In 2008, Paul finished in double digits in Iowa and Nevada but wound up with just 1 percent of the delegates.
Poll: Huckabee, Romney on top in S.C.: A new Winthrop University poll finds former Arkansas governor Mike Huckabee still leads the GOP presidential field in the first primary in the South, but former Massachusetts governor Mitt Romney is close behind.
Among Republicans and Republican-leaning voters, 18 percent back Huckabee and 16 percent back Romney. The latter is edged out slightly by those who say they are “not sure,” at 17 percent.
Other than media mogul Donald Trump with 10 percent, no other contender gets in the double digits. Sarah Palin and former House speaker Newt Gingrich are both in the high single digits at 8 and 9 percent, respectively.
The results are particularly encouraging for Romney, a northeastern governor who came in fourth in South Carolina last time. But it’s still an early poll, and much of it is based solely on name ID.
‘Sneak peek’ at Obama’s strategy: Obama campaign manager Jim Messina put out a Web video Monday explaining the campaign’s 2012 strategy. After talking about how Obama won in 2008, Messina says, “If we just run that same campaign, we stand a good chance of losing. . . . In 2012, we have the opportunity to make 2008 look prehistoric.”
The focus is on grassroots organizing — local listening sessions, reaching out to friends and neighbors, using social media.
Messina’s video itself harkens back to the last campaign, when 2008 campaign manager David Plouffe would post video updates from the trail online. It’s not particularly inspiring film, but more nuts and bolts. (At one point Messina says, “This is the thing I’m passionate about: this campaign has to be metric driven.”) But the audience for this isn’t fence-sitters; it’s volunteers who want to know what’s going on and how to help.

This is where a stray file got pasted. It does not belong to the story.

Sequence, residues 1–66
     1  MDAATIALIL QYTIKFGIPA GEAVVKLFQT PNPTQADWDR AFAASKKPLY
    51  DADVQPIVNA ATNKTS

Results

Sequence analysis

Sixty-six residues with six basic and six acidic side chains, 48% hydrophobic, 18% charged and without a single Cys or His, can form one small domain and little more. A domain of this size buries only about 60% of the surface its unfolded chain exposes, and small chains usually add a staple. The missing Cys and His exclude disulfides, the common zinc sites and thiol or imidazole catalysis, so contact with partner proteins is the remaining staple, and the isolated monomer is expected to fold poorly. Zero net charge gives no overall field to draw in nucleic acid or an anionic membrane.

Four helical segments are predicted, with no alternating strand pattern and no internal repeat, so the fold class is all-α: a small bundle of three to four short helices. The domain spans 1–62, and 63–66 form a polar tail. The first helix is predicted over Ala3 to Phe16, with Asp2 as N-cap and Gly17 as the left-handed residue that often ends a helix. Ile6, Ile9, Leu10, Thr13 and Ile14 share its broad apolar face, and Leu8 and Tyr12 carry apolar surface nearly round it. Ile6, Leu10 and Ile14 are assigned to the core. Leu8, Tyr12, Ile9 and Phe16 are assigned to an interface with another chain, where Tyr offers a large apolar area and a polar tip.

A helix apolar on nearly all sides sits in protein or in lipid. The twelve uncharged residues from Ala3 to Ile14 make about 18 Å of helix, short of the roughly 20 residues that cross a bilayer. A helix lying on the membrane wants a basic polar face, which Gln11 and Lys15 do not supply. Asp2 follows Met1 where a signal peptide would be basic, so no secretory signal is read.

NRCC calling ‘blank checks’: With Democrats attacking Republicans for their votes on the budget, the National Republican Congressional Committee is going after House Democrats who voted against it. They’re calling constituents in the districts of 13 of the 21 lawmakers who voted against all five budget proposals on the floor earlier this month.
“Last year, while families were tightening their belts, Larry Kissell and Nancy Pelosi failed to pass a budget, and Washington Democrats continued to spend your money recklessly,” says one call. “Last week, Kissell refused to vote for ANY of the five budget proposals that cut spending. Some plans cut a little, some plans cut a lot - Kissell rejected all of them.”
The NRCC is also launching radio and online ads, but we don’t know the size of the buy. It’s worth noting that three Republicans also voted against all five plans: Reps. David McKinley (W.Va.), Walter Jones (N.C.) and Denny Rehberg (Mont.).
Signs point to North Dakota Public Service Commissioner Brian Kalk (R) running for the seat of retiring Sen. Kent Conrad (D). He would be the first major candidate in the race.
Donald Trump’s would-be presidential campaign isn’t dishing on his New Hampshire plans this week, aside from one media availability.
Candidates at next week’s Fox News debate in South Carolina will be given 60 seconds to respond to questions.
New Jersey Secretary of State/Lt. Gov. Kim Guadagno (R) decides today whether Olympic Gold Medalist Carl Lewis (D) qualifies to run for state Senate.
Levi Johnston is writing a memoir. We’re surprised it took this long.
“Obama revealed: A moderate Republican” — Ezra Klein, Washington Post
“With Barbour out, new questions for 2012 Republican field” — Dan Balz, Washington Post
“Missouri lawmakers hope to resolve new map this week” — Shira Toeplitz, CQ-Roll Call